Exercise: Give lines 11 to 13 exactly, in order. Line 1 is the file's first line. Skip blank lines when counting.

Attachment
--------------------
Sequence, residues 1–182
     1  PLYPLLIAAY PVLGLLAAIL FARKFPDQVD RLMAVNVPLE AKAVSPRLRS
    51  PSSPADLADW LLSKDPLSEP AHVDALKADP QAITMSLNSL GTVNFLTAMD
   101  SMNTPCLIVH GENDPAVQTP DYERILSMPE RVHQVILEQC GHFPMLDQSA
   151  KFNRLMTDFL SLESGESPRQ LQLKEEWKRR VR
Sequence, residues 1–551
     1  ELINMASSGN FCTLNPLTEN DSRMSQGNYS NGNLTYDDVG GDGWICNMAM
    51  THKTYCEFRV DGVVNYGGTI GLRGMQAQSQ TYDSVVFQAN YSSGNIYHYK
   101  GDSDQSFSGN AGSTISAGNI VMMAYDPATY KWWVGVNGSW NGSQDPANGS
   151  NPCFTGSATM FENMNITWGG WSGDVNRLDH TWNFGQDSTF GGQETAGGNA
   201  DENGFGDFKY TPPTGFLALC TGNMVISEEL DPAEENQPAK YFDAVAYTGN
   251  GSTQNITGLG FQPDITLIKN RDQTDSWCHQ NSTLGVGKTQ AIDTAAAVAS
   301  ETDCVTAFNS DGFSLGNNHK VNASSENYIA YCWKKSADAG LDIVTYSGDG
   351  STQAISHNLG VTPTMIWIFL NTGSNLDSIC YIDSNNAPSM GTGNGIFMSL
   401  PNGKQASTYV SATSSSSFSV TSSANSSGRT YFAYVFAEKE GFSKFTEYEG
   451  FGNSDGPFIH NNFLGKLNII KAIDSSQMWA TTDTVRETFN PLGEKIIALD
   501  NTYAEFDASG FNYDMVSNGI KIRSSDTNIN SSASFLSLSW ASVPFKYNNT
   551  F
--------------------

   201  DENGFGDFKY TPPTGFLALC TGNMVISEEL DPAEENQPAK YFDAVAYTGN
   251  GSTQNITGLG FQPDITLIKN RDQTDSWCHQ NSTLGVGKTQ AIDTAAAVAS
   301  ETDCVTAFNS DGFSLGNNHK VNASSENYIA YCWKKSADAG LDIVTYSGDG